Blue Jays’ Greene Acting Like It’s His Time

CLEARWATER, FLA.Conner Greene’s dreams and aspirations have gotten a little bigger in the past year.

It’s not that Greene didn’t have significant dreams before—we’re talking about a baseball player who has made enough acting appearances to have his own IMDB page and to be eligible for a Screen Actor’s Guild card.

But when it came to baseball, Greene’s career had been on a slow climb.

So at spring training last year, the goal was pretty simple—just make it out of extended spring training.

“Last year I was expecting to get to Vancouver. If I work hard, maybe make the Lansing team,” Greene said.

A 2013 seventh-round pick, Greene has not made it to Vancouver in his first two seasons in the Blue Jays organization, so a trip to Lansing would involve skipping a step.

This year, Greene arrived in spring training with an invite to big league camp. He comes into the season with a legitimate chance of helping the big league club at some point in 2016.

“This is I think it’s our year. I would love to contribute to that. That would be the most surreal experience and I think I can contribute to it,” Greene said.

What happened in between to change his perspective?

“I just finally got my fastball command really fine-tuned; that was huge. When I was able to do that, it made my secondary pitches so much more effective,” Greene said.

Greene not only made it to low Class A Lansing last year, he pitched well enough (7-3, 3.88 in 14 starts) to earn a midseason promotion to high Class A Dunedin. After seven starts with Dunedin (and a 2-3, 2.55 record) he earned his second promotion of the year with a bump to Double-A New Hampshire.

Greene’s stats slacked off after his second promotion—he went 3-1, 4.68 while his walk rate jumped from 1.8 walks per nine innings at Dunedin to 4.3 BB/9 at New Hampshire.

That second promotion was in part sped up by the Blue Jays’ massive wave of trades to top off the big league roster in last year’s playoff push. His strikeout rate dropped from 7.9 K/9 to 5.4. But for a pitcher who had never pitched in full season ball before 2015, it was still a solid end to an excellent season.

“It turned out well for me,” Greene said.

There’s still work to be done, but Greene has started to pitch with his fastball instead of just throwing it. Greene’s mid-90s fastball has excellent run, but it wasn’t until last year that he figured out how to tame it.

“Once I developed a feel I started to understand where it would move. I learned to pronate a little to make it move more, or a little less. The puzzle pieces are starting to fit,” Greene said.

The Blue Jays big league staff saw that early this spring. An amped-up Greene pitched two effective outings with the big leaguers. In one of them, he touched 98 mph.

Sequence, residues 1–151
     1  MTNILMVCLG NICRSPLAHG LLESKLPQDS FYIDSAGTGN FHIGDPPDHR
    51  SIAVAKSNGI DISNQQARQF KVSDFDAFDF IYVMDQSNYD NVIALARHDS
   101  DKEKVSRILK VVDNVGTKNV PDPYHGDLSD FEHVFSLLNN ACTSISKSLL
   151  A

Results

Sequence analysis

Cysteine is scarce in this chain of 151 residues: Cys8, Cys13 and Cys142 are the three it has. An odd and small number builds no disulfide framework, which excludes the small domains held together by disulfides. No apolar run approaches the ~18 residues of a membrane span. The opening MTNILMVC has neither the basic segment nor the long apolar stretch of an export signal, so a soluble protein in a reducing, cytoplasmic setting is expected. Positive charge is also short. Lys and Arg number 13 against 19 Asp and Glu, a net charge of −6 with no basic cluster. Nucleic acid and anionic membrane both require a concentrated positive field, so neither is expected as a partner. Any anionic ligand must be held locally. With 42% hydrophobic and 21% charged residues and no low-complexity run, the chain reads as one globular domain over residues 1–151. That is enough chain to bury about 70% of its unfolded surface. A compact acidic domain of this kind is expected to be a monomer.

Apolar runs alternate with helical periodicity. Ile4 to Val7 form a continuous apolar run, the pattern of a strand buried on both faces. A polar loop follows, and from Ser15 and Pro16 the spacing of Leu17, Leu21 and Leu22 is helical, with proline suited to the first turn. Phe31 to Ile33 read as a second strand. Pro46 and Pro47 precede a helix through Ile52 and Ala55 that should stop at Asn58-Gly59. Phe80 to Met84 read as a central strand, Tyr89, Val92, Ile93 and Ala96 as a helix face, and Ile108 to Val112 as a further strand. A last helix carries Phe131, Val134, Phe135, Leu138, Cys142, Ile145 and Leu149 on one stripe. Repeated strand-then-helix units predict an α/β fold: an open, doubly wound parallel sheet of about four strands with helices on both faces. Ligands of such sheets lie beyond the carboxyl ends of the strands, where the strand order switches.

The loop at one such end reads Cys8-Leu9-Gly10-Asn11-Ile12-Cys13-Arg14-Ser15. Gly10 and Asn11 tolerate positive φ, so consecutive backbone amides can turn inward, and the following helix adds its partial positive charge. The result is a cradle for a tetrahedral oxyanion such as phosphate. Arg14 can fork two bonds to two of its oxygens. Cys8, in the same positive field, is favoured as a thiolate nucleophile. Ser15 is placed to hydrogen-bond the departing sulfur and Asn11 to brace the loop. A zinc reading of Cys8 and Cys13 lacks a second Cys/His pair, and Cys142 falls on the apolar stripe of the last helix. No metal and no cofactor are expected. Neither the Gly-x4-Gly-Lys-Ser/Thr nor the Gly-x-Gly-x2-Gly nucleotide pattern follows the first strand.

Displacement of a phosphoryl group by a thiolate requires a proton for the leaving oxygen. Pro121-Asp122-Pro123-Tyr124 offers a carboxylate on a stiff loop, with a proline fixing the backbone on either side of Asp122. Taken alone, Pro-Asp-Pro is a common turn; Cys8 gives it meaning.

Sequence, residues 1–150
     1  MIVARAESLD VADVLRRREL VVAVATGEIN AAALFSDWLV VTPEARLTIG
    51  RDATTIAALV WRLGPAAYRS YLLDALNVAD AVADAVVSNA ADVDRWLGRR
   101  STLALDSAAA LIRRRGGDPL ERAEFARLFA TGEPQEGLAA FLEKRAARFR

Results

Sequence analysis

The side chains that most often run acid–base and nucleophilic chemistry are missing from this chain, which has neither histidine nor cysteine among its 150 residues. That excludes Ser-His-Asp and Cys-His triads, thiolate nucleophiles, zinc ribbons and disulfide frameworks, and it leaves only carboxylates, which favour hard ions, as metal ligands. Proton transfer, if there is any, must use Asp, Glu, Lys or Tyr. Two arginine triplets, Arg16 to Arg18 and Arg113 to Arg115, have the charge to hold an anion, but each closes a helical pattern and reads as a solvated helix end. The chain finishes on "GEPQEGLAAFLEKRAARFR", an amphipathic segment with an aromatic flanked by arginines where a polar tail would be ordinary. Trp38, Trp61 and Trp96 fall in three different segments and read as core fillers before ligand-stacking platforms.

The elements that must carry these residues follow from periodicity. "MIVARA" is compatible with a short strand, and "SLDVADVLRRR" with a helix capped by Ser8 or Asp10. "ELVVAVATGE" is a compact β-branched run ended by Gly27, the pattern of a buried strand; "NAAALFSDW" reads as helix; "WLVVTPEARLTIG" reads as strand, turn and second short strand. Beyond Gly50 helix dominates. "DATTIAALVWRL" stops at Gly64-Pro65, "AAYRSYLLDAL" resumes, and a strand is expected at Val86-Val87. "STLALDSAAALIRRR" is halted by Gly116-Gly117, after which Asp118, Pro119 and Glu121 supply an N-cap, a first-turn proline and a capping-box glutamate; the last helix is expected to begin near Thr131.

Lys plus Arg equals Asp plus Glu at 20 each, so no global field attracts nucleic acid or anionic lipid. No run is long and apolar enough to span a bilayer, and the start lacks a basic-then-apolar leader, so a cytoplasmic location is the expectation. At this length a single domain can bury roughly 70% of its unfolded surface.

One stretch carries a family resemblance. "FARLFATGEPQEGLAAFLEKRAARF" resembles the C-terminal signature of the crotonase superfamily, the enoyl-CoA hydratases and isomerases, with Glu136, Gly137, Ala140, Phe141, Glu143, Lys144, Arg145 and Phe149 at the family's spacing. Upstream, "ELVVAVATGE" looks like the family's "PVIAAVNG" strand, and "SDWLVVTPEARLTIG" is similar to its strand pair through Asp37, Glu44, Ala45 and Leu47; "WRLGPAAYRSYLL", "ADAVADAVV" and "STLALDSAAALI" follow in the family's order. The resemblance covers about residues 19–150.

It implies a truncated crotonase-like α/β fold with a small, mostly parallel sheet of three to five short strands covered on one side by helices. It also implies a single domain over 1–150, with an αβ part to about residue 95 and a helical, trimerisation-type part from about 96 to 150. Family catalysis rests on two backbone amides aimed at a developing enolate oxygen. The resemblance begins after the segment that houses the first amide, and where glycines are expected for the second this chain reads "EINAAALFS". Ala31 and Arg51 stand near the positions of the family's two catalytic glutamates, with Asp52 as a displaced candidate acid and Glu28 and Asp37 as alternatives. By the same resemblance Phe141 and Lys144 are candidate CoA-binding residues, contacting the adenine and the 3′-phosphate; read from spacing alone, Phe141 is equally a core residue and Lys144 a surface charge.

“98 mph IS the upper end (of my velocity). It was adrenaline,” Greene said. “I’m trying to keep the same intensity here. I’m going to try to keep spotting the fastball, hopefully not give up too many dingers on my curveball and I’ll be fine.”

Greene’s curveball is still a little inconsistent—he hung one on Tuesday that veteran Jake Fox turned into a majestically long home run—and his changeup is still a work in progress. But Greene has the building blocks to be a future big league starter—he’s got a fast arm, and he’s still long and lanky with room to grow even though he’s already added 20 pounds since signing.

And all that promise means that acting has been back-burnered, even if Greene is one of the few baseball players with his own professional head shots.

“It’s on hold until I establish my career as a baseball player,” Greene said. “I’m more nervous on the set than I am on the field. This is where I belong. If a job comes up, I’d probably say yes. But baseball first, always.”


It was a star-studded pair of games on the Clearwater backfields Tuesday afternoon. In addition to Greene, Sean Reid-Foley and Mark Appel made their regular turns while Jimmy Cordero added plenty of velocity in a relief appearance. The Blue Jays had Anthony Alford, Roemon Fields and Rowdy Tellez in the lineup facing Appel while Greene matched up against Roman Quinn, J.P. Crawford and Nick Williams.

As you would expect from a game with that many significant prospects there were plenty of highlights. Facing big leaguer David Hernandez, Tellez hit one of the longest doubles possible when he drove a ball high off the batter’s eye in center field—if he had hit the ball anywhere other than center field it would have easily cleared the fence for a home run.

So after getting robbed of a home run, Tellez followed it up by hitting another lengthy shot against Appel. This one wasn’t to straight center, so it easily cleared the fence.

Alford’s preternatural plate discipline was on display as he walked in each of his first two at-bats and later singled. Crawford had a two-run double and a single. Williams hit a double.

But it was a rough day for Appel. Berti homered against Appel as part of a three-run first inning of work. Appel gave up another run, this one unearned, in his second inning of work and then a fifth run on Tellez’s home run in his third inning.
Appel still generated strikeouts with his slider, but his fastball was flat at times and lacked premium velocity as he sat 90-92 mph for most of his outing.

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